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This article was published 24/11/2018 (1107 days ago), so information in it may no longer be current.
Sue Goyette’s Penelope (Gaspereau, 96 pages, $20) meditates on the act of waiting, anchored in the mythology of Penelope, who waited 20 years for her husband Odysseus to return from the Trojan War.
Goyette’s Penelope wakes each day to a new challenge that threatens to draw her away from her long wait, whether set upon by suitors, or the demands of her son, or transformed by grief or by magic.
Goyette paints Penelope as a heroic and active figure at the centre of her own world, rather than the traditional view of her as a passive, peripheral character in Odysseus’s story.
"Are you the lady / who’s been waiting for a husband for a pathetically long time? // I’m asked. Are you f—king kidding me? I reply." A melodic, meditative, clever collection of poems.
Mark Truscott’s Branches (Book*hug, 64 pages, $18) continues his exploration of minimalist poems centring around abstract philosophical considerations.
More engaging than that sounds, Truscott’s poems take sparse concepts and draw them out complexly in simple, plain language.
"I live in the line the // line is alone it is // . . . the beginning // of endless association." This is how poems work, in terms of their dreamy logic of connecting concepts.
Truscott’s lines bristle with thin, cold attention to their own details. Meditative, minimalist and not to be missed.
Matthew Tierney’s Midday at the Super-Kamiokande (Coach House, 80 pages, $20) crashes strange, paradoxical concerns against the everyday, to reveal its own strange, paradoxical status.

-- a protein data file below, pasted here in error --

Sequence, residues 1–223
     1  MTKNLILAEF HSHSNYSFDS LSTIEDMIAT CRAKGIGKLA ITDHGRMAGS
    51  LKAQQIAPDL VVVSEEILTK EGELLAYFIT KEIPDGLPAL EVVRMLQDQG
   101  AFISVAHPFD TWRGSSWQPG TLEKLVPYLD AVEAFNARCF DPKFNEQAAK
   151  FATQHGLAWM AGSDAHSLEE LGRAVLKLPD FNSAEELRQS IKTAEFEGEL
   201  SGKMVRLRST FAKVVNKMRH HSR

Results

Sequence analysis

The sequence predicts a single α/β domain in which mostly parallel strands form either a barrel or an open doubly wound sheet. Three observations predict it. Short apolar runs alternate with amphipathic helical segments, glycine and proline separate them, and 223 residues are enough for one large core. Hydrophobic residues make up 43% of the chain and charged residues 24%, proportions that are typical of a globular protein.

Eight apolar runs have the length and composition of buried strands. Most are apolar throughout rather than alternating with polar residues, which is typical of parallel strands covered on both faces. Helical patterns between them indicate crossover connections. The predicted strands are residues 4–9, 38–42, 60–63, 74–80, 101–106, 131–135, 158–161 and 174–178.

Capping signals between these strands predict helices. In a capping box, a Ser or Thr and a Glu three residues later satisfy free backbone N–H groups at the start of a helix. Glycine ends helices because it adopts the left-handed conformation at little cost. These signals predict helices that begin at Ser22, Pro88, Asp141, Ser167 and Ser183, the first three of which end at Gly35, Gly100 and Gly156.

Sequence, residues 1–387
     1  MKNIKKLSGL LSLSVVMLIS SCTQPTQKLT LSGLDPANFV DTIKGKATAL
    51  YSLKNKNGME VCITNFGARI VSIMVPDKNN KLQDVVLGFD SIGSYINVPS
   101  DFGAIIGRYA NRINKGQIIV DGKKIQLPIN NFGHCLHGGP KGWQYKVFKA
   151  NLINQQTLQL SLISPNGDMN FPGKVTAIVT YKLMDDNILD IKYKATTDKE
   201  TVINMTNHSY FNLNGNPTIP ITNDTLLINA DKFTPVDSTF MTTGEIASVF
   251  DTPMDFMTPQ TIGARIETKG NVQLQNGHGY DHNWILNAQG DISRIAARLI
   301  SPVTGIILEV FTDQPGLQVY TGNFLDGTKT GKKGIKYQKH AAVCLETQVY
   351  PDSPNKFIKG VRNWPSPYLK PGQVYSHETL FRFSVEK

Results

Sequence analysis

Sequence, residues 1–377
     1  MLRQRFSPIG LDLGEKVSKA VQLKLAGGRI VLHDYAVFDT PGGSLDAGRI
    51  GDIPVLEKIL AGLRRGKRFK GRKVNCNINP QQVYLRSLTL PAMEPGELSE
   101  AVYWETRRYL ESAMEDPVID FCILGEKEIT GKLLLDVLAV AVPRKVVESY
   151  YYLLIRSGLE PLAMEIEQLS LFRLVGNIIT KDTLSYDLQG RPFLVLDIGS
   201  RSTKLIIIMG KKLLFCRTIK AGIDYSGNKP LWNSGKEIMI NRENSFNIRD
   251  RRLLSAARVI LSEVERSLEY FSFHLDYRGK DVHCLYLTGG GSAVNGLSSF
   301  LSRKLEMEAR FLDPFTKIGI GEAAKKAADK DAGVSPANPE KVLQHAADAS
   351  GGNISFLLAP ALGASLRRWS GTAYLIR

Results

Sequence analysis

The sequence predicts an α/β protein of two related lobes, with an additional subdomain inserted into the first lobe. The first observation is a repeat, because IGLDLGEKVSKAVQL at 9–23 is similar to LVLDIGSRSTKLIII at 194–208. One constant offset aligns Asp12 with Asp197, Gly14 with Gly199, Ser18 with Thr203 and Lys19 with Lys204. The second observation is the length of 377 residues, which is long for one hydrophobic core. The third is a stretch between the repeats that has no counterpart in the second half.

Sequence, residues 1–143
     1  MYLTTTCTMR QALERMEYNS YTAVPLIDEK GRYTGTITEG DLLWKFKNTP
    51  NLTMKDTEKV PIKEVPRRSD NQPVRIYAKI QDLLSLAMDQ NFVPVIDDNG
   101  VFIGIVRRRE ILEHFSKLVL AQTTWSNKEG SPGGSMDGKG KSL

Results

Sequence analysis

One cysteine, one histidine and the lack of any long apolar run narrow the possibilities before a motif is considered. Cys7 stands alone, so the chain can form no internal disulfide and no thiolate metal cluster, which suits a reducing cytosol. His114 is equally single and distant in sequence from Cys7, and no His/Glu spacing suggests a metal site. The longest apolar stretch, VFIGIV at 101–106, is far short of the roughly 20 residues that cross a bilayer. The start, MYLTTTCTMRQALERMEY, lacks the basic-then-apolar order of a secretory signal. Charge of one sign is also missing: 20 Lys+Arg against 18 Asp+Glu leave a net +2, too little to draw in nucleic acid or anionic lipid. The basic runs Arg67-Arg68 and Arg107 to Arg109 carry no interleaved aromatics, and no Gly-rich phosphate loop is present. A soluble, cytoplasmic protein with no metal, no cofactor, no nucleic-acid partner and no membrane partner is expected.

"Is NO PULP a reasonable demand?" asks one poem. Fundamentally, when you think through it, it’s not — yet consumer capital has remade the world in such fashions and we don’t even blink in the face of its nightmare.
Tierney’s images start simply and build to dizzying heights: "looking forward to French Toast Friday / with real maple syrup, / when my wife momentarily flickers. / Her true alien self in a rose-pink bathrobe."
Tim Lilburn’s The House of Charlemagne (University of Regina Press, 74 pages, $20) offers an essay in fragments to preface a dance-script that centres on Honoré Jaxon, whose life was transformed by the religious thought of Louis Riel.
Riel, in a spiritual ecstasy, prophesied that a Métis nation would rise on the Prairies a half-millennium after he died. Lilburn’s text attempts to reproduce the sense of revelation while imagining the contents of Riel’s book Massinahican, which was lost.
Lilburn’s mysticism, sometimes coupled with a wry humour, offers an engaging and fragmentary glimpse into a system of thought spiralling into a prairie sky, before being brought down to earth, where "Everything must receive the neck rope / clasping us to Christianity."
Winnipeg English professor Jonathan Ball (@jonathanballcom) lives online at JonathanBall.com, where he writes about writing the wrong way.